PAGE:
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Effect of sowing date and variety on yield and weed populations in a lentil–barley mixture

  • L. WANG (a1), S. GRUBER (a1) and W. CLAUPEIN (a1)

Summary

The present study examined variation in sowing date on lentils (Lens culinaris) in a standard lentil–barley (Hordeum vulgare) mixed cropping system in the temperate climate of central Europe to determine the effect on crop yield and weed control. A 2-year (2009/10) field experiment was carried out at the organic research station Kleinhohenheim (KH) and at the conventional research station Oberer Lindenhof (OLI) of the University Hohenheim, southwest Germany. The crop was sown at three dates in the period from March to May. Grain yield was significantly higher at the earliest sowing both for lentils (3·0 t/ha at KH, 2·4 t/ha at OLI) and barley (1·2 t/ha at KH, 2·6 t/ha at OLI). Weed biomass at KH increased significantly with delayed sowing and was independent of lentil genotype, whereas sowing date had no significant effect on overall weed biomass production at OLI. Unlike weed biomass, weed density generally decreased significantly with delayed sowing at OLI. The results indicate that early sowing can increase the yield of lentils, and can be used as an indirect method of weed control in some organic farming systems.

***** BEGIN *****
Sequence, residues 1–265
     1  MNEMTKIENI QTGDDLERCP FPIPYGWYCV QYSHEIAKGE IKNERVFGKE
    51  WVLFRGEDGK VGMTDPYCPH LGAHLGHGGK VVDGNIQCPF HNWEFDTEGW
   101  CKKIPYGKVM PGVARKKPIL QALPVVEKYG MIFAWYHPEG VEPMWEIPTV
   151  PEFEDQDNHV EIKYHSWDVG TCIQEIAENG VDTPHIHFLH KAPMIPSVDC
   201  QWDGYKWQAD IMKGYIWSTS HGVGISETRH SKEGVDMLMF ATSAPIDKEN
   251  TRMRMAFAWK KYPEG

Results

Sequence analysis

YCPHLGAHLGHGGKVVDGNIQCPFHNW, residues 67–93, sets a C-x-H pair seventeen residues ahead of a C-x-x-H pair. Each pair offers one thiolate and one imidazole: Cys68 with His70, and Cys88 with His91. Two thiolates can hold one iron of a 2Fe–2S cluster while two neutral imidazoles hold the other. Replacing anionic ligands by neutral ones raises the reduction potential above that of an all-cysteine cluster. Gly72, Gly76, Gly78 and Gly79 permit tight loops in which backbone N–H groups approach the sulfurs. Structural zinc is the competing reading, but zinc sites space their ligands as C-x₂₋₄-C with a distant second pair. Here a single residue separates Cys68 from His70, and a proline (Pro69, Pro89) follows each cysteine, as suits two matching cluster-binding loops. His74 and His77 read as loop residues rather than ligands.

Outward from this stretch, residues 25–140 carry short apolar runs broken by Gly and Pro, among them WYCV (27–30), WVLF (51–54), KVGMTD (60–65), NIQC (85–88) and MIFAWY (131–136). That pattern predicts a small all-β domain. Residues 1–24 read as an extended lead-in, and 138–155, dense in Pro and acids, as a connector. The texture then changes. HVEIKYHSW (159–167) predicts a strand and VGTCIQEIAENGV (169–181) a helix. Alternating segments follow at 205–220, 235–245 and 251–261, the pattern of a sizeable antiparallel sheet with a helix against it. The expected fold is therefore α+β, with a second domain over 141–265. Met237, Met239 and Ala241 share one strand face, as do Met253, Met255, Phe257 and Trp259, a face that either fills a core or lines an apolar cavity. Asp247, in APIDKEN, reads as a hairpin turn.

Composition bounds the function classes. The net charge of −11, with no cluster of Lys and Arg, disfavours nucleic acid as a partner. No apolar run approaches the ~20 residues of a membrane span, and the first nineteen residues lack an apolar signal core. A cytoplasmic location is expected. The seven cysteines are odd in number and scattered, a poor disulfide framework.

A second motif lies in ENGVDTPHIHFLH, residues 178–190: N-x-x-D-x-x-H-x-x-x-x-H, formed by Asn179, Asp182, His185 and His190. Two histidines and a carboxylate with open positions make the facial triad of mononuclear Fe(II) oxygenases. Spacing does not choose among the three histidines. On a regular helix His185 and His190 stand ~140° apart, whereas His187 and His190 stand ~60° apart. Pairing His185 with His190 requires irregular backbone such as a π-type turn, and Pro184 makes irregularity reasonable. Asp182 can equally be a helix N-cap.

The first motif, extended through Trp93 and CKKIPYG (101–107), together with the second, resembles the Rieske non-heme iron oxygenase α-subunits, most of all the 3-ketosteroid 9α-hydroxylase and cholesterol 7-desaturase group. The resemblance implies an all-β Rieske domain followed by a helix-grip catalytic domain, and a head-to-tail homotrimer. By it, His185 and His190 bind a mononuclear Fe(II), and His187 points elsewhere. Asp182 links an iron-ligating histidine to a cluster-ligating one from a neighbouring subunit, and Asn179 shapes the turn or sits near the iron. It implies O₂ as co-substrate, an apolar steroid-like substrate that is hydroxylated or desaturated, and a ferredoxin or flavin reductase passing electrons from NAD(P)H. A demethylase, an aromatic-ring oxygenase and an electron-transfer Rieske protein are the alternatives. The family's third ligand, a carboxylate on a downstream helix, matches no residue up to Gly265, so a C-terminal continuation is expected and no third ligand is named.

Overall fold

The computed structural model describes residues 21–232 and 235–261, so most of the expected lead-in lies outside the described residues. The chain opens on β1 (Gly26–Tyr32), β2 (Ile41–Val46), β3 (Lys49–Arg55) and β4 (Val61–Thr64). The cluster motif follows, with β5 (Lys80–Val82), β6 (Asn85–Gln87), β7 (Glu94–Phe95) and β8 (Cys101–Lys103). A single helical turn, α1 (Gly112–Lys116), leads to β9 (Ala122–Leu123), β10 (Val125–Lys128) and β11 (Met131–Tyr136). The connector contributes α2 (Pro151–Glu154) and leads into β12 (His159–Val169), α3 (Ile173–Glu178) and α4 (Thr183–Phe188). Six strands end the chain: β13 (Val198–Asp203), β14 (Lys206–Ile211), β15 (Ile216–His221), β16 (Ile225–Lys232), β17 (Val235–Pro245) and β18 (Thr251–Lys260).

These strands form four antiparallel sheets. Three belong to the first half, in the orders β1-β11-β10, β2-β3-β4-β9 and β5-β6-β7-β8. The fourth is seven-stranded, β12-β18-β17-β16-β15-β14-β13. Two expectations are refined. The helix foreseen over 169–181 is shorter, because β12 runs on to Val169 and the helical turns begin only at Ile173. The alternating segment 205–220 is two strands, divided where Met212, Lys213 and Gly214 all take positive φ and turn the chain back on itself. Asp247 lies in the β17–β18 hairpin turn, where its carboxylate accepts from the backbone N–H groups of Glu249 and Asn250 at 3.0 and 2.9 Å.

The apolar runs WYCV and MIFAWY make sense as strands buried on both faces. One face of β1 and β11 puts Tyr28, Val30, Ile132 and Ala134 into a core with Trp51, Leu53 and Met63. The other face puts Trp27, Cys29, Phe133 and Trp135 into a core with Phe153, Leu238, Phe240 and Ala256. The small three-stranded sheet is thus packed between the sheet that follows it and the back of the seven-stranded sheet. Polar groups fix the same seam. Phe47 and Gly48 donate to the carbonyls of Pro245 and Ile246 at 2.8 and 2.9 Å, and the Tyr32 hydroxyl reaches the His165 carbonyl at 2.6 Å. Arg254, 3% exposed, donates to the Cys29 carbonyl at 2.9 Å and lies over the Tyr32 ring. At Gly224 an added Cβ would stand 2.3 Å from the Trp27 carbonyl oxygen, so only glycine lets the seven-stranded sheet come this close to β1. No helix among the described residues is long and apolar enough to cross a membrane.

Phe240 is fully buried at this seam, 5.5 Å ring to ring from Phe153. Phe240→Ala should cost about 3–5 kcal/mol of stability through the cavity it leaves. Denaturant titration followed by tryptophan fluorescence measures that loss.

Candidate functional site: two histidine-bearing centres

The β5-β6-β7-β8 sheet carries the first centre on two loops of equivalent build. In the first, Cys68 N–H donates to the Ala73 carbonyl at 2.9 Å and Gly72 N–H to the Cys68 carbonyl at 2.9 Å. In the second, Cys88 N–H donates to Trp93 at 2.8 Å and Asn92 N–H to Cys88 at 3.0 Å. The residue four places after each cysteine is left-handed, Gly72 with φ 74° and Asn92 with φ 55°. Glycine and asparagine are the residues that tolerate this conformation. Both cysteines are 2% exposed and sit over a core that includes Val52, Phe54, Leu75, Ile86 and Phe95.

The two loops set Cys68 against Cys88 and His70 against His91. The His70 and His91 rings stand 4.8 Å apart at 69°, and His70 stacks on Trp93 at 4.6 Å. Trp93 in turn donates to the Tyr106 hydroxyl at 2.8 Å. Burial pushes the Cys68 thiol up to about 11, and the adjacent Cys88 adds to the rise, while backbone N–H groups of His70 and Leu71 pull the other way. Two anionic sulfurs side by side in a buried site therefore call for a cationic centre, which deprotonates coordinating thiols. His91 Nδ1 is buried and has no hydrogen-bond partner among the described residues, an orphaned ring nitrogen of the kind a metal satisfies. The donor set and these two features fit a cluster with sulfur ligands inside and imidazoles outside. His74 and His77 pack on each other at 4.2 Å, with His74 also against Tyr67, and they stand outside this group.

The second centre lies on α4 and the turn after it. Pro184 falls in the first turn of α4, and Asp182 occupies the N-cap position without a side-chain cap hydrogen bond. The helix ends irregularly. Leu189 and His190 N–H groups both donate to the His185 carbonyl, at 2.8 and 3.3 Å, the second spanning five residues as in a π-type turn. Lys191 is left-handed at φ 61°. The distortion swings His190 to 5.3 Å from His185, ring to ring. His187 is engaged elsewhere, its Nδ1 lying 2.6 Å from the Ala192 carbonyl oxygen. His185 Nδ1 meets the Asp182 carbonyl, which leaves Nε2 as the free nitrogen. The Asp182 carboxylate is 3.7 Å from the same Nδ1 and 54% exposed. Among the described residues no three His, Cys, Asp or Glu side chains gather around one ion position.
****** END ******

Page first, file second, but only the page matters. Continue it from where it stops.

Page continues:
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*To whom all correspondence should be addressed. E-mail: lina_wang108@hotmail.com

References

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